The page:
Express editor Williams says price cuts were a response to rival’s mail-outs
The vicious circulation war between the Daily Express and the Daily Mail in the London area could go on "indefinitely", says Express editor Chris Williams.
"I wouldn’t rule out a long campaign," he told Press Gazette after battle recommenced with an aggressive mail-out by the Mail to Express readers, urging them to abandon their normal daily because so many of their favourite writers have now joined the opposition.
Express Newspapers proprietor Richard Desmond hit back with a dramatic price cut – the Sunday Express is being sold for 50p and the Daily for 20p during the week and 25p on Saturday – in the lucrative Carlton area inside the M25.
As the Mail sells one and a half million papers in its southern heartland to the Express’s 250,000, the cost to Desmond is a fraction of what it would cost the Mail to cut its price.
The Mail is unlikely to respond in kind for the moment. In fact its executives appeared unbothered about the price cuts. "We rely on the quality of our product," said a spokesman. "I don’t think we are terribly surprised by the Express price cuts and we shall watch with great interest."
Williams denied that it was a panic measure implemented as a result of another poor showing in ABCs – new figures show the Daily Express has fallen below average sales of 900,000 and the Sunday Express down to 838,000.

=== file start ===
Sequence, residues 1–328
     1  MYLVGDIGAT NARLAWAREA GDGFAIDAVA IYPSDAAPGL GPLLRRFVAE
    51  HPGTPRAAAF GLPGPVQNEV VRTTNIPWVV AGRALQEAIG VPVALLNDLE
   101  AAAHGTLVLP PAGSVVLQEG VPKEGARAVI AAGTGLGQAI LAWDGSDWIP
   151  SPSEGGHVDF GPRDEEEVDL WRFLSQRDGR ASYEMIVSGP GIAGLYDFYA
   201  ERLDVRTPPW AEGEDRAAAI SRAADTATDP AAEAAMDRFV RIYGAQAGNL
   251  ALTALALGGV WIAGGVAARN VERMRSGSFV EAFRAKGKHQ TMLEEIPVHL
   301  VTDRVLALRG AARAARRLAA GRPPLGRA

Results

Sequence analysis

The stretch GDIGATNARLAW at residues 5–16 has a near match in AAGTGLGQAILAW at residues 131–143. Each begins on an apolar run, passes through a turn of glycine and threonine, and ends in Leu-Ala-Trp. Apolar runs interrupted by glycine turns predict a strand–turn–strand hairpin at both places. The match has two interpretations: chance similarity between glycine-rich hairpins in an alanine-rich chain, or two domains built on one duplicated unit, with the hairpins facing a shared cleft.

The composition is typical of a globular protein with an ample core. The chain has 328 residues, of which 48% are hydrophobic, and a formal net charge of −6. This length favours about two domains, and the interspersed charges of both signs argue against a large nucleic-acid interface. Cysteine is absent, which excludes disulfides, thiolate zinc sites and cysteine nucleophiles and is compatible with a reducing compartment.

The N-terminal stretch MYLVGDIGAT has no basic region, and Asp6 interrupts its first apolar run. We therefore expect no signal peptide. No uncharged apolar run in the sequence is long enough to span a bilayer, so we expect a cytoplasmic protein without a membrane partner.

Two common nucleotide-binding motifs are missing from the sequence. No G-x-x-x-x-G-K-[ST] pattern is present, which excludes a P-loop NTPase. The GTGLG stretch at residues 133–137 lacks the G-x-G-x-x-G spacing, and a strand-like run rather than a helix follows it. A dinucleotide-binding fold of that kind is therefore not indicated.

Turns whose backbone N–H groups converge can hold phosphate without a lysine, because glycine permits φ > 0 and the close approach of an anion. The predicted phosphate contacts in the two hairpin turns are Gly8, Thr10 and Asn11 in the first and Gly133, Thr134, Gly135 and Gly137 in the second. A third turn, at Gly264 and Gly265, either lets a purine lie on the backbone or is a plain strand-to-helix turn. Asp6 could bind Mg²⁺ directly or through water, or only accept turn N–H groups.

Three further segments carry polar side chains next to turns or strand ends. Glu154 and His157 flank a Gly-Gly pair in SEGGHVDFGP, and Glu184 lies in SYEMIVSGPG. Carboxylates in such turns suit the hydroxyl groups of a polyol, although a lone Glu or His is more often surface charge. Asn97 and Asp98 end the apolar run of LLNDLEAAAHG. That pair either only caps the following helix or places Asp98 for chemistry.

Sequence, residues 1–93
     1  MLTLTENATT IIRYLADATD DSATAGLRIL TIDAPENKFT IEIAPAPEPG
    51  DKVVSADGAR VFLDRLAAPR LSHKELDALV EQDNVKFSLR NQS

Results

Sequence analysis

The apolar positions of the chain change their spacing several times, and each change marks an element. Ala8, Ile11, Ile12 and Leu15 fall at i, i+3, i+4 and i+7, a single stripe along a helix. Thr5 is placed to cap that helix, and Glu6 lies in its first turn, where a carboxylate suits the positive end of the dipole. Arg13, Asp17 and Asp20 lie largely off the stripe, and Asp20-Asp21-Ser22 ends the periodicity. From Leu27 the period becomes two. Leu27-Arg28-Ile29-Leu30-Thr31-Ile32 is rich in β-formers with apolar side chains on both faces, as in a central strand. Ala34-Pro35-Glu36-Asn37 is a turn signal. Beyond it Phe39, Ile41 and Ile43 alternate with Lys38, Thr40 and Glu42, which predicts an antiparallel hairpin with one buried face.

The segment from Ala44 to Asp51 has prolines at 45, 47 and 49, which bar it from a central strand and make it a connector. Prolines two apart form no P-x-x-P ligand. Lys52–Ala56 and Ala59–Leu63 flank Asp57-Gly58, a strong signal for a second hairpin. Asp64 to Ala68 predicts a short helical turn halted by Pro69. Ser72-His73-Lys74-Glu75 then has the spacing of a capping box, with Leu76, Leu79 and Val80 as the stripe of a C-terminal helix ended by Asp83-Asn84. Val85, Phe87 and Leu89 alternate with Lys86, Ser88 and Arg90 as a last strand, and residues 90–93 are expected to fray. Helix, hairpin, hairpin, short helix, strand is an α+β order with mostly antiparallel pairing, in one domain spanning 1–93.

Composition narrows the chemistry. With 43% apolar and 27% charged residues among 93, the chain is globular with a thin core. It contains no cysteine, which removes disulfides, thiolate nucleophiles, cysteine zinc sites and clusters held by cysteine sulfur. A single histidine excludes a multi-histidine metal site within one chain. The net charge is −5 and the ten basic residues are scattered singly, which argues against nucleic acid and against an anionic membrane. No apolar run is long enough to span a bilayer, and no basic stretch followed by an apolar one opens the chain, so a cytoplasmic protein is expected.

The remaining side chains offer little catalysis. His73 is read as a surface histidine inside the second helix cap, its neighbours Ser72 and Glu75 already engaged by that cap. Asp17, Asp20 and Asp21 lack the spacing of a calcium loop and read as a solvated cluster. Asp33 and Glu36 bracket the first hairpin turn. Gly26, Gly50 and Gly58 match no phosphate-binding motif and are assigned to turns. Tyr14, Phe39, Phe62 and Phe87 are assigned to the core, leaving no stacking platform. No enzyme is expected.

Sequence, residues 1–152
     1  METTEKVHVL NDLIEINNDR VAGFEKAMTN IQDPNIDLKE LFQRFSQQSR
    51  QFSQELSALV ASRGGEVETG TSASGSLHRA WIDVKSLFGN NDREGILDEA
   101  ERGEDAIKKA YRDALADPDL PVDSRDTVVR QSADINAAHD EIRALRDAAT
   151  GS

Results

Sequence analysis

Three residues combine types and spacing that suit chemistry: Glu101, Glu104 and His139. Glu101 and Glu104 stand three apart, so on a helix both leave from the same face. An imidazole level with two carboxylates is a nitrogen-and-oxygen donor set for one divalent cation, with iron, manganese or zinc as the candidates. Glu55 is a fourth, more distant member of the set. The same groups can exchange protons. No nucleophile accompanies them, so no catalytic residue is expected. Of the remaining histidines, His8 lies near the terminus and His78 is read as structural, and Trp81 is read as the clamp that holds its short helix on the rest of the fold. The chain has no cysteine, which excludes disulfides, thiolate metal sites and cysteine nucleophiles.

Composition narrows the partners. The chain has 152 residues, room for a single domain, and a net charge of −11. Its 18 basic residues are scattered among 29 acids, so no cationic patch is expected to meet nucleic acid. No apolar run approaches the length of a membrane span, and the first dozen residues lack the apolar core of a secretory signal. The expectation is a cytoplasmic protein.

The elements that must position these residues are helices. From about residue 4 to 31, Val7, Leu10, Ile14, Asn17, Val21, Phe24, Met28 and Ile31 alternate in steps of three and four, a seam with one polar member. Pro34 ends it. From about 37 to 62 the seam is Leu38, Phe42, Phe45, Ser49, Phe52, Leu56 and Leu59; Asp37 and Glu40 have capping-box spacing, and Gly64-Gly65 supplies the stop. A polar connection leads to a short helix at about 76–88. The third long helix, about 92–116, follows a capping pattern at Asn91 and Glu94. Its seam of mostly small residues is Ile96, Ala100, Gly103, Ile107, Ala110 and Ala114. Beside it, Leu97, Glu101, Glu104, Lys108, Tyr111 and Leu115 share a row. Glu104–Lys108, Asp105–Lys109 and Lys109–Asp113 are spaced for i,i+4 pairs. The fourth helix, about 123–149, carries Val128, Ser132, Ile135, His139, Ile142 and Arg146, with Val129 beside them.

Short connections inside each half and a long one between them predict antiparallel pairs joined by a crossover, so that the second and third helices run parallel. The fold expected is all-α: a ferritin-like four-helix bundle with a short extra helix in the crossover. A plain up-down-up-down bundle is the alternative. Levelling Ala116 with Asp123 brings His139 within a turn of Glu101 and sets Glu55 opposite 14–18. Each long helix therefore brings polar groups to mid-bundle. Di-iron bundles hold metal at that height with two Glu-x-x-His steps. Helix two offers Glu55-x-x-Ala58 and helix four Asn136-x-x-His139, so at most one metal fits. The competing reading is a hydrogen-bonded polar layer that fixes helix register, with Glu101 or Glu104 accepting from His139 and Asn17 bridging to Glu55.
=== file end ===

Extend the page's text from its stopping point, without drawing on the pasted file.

"It’s certainly not panic. We had a long discussion about the Mail’s big, new aggressive mail-out last week and Richard decided to hit back where it hurts the most and cut the price. So far it is going very well but I wouldn’t rule out the possibility of extending it throughout the country," he said.
Last year, an even more aggressive Associated mail-out urging Express readers to abandon a paper "owned by a pornographer" hit the Express badly, as did one by The Mirror.
Williams points out that the Expresses have hired some formidable writing talent and celebrity columnists. "We have made more new signings than they have," he said.
Around £15m has been spent on revamping the Express’s Broughton printworks and, over the weekend, new TV advertising for all three titles must have cost around £1.5m, so Desmond is clearly keen to spend money where he thinks it’s necessary. But staff cuts and the departure of so many star writers has hurt badly.
The gloves-off circulation war has become increasingly nasty, with hard-hitting reports in the Sunday Express’s business pages about the alleged state of its rival’s finances. A previous spat between the two ended after the Express began focusing on the past personal life of Lord Rothermere and a temporary truce was called.
Williams takes comfort in the fact that the Mail "still sees us as a threat". "They are still obsessed with our presence and a lot of the stuff we do, they wish they had done themselves." He points out that his disappointing circulation figures have not been helped by Desmond’s decision not to count the bulks: "When he took over he found out that the circulation was propped up by dubious tactics. They were stopped immediately and circulation fell by 50,000 overnight."